Bandwidth (It’s Not Just for Internet)

Have you ever looked at a poor person and judged their situation based only on what you could see? Most of us have. Maybe their clothing is unkempt or they used food stamps in the grocery store, live in a rundown neighborhood, drive a car that doesn’t seem like it’s going to last another day or maybe they’re standing on the side of the road with a sign that ultimately asks for something. Maybe you assumed it was due to laziness or poor life choices. Did you know that there are things that negatively impact the minds of people in ways that don’t necessarily manifest in others in the same manner? Did you know, it’s been proven that your income affects your judgment and decision-making processes? Think about that!

The brain operates in two modes. The first is fast and effortless, it happens on it’s own. This would include actions such as standing up or breathing. The second mode is slower, requires more effort and is therefore more effective. This would include actions that you have to think about doing such as communicating or sprinting. The more jobs the brain is doing at one time, the less effectively it functions. One example most of us have experienced is driving with the radio on in an unfamiliar area and in order to figure it out, you turn the volume on the radio down. You don’t need your ears to read! The amount of conscious tasks your brain can manage at once is called its bandwidth. Similar to broadband bandwidth, there’s a set limit to its performance. Think of it as an 8 oz cup. You can safely pour into it until it contains 8 oz, anything more is going to spill over and make a mess.

Bandwidth consists of two components. One is cognitive capacity, which deals with things such as problem solving ability and logical reasoning. The other is executive control and deals with things such as controlling our actions and planning. When these components are being heavily used, it causes spillover in other cognitive areas. In other words, it increases the chances of bad choices being made. Again, studies have been conducted which prove that heavily taxed cognitive abilities decrease the ability to make good decisions. The mind is busy managing the more pressing issues.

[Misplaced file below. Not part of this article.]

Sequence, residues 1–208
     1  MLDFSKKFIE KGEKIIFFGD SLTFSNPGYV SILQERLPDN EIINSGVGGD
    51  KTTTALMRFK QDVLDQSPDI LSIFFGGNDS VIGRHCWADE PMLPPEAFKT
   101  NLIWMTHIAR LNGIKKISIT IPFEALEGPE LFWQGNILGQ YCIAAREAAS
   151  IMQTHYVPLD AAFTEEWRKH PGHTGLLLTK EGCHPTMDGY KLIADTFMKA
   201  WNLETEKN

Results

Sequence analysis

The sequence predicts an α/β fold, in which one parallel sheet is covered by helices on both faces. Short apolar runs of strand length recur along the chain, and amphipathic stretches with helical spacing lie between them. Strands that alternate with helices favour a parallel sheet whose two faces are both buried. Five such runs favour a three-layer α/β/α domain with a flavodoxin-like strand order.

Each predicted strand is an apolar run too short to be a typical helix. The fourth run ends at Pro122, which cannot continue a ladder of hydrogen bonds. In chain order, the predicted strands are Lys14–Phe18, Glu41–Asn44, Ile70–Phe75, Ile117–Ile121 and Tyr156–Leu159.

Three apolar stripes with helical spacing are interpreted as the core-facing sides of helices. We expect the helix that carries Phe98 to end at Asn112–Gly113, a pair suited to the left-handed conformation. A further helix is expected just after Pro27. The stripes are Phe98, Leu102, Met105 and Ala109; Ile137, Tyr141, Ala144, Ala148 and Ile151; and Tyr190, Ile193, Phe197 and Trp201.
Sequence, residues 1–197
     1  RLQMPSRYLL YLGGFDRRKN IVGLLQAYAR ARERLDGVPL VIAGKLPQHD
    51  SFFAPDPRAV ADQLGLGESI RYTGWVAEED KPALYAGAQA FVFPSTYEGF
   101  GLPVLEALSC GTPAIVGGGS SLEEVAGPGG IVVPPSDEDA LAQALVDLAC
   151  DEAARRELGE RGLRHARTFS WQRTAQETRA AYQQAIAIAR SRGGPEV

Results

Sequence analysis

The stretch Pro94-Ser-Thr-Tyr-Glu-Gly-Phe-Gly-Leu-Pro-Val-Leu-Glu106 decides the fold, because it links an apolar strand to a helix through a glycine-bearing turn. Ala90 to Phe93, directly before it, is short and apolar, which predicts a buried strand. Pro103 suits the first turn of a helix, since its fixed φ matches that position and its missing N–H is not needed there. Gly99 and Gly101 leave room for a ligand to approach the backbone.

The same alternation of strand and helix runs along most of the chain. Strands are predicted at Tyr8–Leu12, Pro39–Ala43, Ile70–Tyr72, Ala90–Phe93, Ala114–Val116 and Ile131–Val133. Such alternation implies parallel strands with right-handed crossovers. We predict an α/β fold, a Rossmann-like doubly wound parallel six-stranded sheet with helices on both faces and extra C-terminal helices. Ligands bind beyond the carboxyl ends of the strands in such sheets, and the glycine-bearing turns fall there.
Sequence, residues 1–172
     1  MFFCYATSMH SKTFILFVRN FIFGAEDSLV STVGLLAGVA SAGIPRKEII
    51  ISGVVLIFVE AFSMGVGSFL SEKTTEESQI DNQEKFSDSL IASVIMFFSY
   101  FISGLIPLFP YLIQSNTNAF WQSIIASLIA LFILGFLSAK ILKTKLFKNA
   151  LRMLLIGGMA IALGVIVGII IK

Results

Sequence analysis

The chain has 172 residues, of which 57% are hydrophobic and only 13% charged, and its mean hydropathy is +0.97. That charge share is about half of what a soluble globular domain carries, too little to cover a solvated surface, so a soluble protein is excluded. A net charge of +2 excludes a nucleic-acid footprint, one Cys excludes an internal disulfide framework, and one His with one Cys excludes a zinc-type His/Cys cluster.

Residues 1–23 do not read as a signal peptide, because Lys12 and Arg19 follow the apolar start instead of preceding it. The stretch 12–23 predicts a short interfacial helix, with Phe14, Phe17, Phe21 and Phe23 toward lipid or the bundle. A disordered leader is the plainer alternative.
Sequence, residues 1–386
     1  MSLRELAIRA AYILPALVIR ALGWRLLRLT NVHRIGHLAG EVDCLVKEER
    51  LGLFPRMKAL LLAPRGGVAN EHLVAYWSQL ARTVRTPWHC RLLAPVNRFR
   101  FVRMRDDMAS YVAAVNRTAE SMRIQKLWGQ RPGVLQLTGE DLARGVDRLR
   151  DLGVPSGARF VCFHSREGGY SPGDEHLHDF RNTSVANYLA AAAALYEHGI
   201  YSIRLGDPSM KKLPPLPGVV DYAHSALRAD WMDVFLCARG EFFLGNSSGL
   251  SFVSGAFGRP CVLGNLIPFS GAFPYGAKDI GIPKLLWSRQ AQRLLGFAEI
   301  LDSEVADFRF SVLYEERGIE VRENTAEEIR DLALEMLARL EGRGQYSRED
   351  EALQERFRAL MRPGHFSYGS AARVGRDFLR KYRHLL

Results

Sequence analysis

The heavily taxed mind can also lead to other issues. If a person has a job that requires high amounts of cognitive function, performing at a decreased level of cognition could lead to poor decisions at work. We all know how this story can spiral out of control. It begins with one mistake and somewhere further down the road, the employee is making less money, getting passed up for promotions or potentially out of work.

Bandwidth is also affected by nutrition and alcohol, both things are frequently associated with poverty. Alcohol appears to be most easily accessible in lower income neighborhoods. You don’t have to drive down too many city blocks before you find an establishment that sells alcohol. Nutrition lowers bandwidth when there is a lack of nutrient dense food. Focus and output are decreased because a lot of bandwidth is dedicated to securing food or managing hunger pangs. Alcohol costs money and alters the way the brain functions. A lot of available bandwidth is dedicated to the effortless tasks such as standing or breathing; both require more conscious effort while consuming alcohol. A good example is preparing your child for the day. If you live in a neighborhood that has high crime rates, you will probably dedicate more time and resources to safety. It may be an alarm system, a dog or even constant conversations with your children about remaining safe within the neighborhood. That’s an additional stressor on the brain, which decreases bandwidth. The extra bandwidth that is concerned with ensuring safety is the bandwidth someone living in a relatively low crime neighborhood might use to focus on things like improving their child’s quality of life, or creating another stream of income.

Understanding how bandwidth works and effects different people in different ways may help create awareness of people you otherwise couldn’t relate to. It may even open your eyes to some realities our communities face daily and inspire you in ways you never would have imagined. It may even help you understand why you experience things the way that you do and help you better manage your own bandwidth so that you can use it more productively to improve your own life.

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